Post-Tropical Cyclone Irene has killed 40 people in the US, and authorities warn that flooding could continue for up to three days in northern US states.
More than five million people remain without power, while Vermont is reeling from its worst floods in many decades.
Insurance claims could top $7bn (£4.3bn), the Consumer Federation of America estimated.
Irene has passed into Canada, after causing havoc on the US east coast from North Carolina to Vermont.
Driving rains and flood tides damaged homes and cut power to more than three million people in New Jersey, Connecticut and New York alone.
Vermont governor lashes out
Homeland Security Secretary Janet Napolitano and Agriculture Secretary Tom Vilsack will visit North Carolina and Virginia on Tuesday to survey the storm damage.
Federal Emergency Management Agency chief Craig Fugate will head to Vermont.
In north-eastern Canada the first possible Irene-related fatality has been recorded.
A man was swept away in Yamaska, north-east of Montreal, as two cars plunged into a chasm created when a road was washed away, Quebec police said.
Nearly a quarter of a million people in Quebec, which saw winds as high as 62mph (100km/h), lost power on Sunday night.
An Associated Press news agency tally found 40 people had been killed in 11 US states, mostly because of falling trees, ocean waves, downed power lines and raging floods.
In the rural state of Vermont, the last to be hit before Irene reached Canada, the storm washed away bridges and swamped the town of Brattleboro.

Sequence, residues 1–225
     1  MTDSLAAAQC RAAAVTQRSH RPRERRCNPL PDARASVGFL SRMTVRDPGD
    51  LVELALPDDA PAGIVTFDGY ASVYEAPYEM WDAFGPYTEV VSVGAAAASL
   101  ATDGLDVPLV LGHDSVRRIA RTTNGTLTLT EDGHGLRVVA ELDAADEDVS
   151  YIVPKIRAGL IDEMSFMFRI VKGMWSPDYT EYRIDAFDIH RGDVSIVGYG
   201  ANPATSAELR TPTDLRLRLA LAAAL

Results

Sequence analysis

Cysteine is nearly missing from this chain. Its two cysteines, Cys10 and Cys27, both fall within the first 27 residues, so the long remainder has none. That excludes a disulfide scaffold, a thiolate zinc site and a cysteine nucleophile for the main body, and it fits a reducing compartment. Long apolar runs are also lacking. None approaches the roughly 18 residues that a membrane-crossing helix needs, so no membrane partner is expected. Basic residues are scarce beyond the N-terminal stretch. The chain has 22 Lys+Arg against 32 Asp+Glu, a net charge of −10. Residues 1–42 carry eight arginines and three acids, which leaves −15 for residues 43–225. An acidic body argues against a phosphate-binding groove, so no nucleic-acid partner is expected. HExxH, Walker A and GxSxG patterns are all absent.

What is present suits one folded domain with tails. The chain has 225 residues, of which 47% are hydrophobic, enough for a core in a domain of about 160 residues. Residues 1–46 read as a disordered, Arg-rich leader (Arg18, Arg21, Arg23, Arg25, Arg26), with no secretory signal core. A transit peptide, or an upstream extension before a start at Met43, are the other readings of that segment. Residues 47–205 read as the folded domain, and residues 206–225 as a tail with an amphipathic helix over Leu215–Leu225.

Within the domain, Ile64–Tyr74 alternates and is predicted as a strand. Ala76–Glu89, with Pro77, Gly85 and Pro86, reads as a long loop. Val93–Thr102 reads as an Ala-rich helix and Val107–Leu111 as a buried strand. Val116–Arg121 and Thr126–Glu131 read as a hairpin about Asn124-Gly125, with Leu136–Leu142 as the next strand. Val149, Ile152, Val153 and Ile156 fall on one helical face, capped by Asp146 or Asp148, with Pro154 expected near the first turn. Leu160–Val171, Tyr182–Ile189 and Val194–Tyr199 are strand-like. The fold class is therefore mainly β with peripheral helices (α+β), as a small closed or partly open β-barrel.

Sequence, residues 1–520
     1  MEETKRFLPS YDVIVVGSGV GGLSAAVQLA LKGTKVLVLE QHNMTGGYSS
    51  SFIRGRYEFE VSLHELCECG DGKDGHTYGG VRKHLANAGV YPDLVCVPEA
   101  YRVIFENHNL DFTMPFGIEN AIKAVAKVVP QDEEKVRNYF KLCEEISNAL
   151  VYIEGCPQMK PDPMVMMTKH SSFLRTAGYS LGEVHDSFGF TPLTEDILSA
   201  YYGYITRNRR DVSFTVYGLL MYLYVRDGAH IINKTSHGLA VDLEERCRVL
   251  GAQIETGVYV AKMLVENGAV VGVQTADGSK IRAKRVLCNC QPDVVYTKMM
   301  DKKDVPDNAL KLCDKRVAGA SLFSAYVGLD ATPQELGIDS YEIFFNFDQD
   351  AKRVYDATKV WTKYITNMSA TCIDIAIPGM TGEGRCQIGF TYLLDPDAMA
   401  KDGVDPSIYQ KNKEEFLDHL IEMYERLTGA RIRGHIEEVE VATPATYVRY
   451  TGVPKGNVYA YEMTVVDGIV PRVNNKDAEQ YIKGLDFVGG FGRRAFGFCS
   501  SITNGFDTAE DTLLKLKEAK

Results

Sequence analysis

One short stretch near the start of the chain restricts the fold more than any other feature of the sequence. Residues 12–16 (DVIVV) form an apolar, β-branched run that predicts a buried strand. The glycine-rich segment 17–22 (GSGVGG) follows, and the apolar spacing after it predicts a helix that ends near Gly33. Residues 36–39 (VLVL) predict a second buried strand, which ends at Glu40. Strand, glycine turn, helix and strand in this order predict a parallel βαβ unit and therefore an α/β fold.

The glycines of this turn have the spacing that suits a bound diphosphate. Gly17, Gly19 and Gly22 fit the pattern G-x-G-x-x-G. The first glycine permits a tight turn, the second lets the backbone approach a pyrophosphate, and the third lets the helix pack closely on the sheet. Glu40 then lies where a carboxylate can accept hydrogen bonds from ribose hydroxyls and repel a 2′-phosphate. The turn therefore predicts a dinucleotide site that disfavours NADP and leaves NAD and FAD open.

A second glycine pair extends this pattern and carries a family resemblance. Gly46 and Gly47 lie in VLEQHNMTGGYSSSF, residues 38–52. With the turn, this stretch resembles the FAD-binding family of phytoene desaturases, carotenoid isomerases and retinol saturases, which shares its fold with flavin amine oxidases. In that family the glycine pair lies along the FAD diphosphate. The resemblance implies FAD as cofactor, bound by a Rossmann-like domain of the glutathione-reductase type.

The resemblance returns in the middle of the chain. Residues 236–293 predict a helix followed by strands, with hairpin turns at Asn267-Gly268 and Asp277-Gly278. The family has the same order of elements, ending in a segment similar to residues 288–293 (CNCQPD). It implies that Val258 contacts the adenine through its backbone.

Touring the town, Governor Peter Shumlin criticised media coverage for focusing on New York, saying: "We're not Manhattan, but we have human lives here in Vermont, too."
"It breaks your heart to see the extraordinary devastation that we're seeing here in Vermont," he said.
Three deaths in Vermont have been blamed on the storm.
In the town of Waterbury, Irene closed the Vermont Emergency Management headquarters and the Vermont State Hospital, where some 50 patients were moved to other facilities.
Authorities asked people to avoid travelling in the state, which received 11in (28cm) of rain, and warned of significant flooding, damaged roads and downed power lines.
The storm caused part of a ski lodge to collapse in the town of Killington, where as many as 300 guests and 100 staff were stranded on Monday due to flooded roads.
Meanwhile, nearly 100 people remained stranded in mountain towns in New York State due to washed out roads and bridges. The storm dumped 13in of rain on the state.
New York Governor Andrew Cuomo said dozens of bridges and roadways would need to be repaired and that some of the state's rivers had yet to crest from flooding.
"You're going see more damage before it starts to get better," he told reporters.
In New York City, which escaped the worst of Irene's fury, the subway network and three main airports all reopened on Monday.
More than 300,000 people evacuated from low-lying areas in New York City are now able to return home.
Since Saturday, Irene has been downgraded from a hurricane to a tropical storm and now a post-tropical cyclone.
Some Americans who bought candles, canned food and other emergency provisions in recent days have been demanding refunds, claiming Irene's threat was exaggerated.
Claims for wind damage are expected to be one sixth of the total sum from Hurricane Katrina in 2005, and claims for flood damage one tenth, the Consumer Federation of America estimated.
Connecticut Governor Dannel Malloy said on Monday that more homes were without power as a result of the storm in his state than at any other time in its modern history.
States south of New York, where Irene struck at hurricane strength on Saturday and Sunday, have begun cleaning up, assessing the damage and counting the dead.
North Carolina Governor Beverly Perdue said some areas of her state were still unreachable. TV footage showed fallen trees and power lines.
Officials in Virginia have begun the clear-up, but say the damage was not as bad as feared.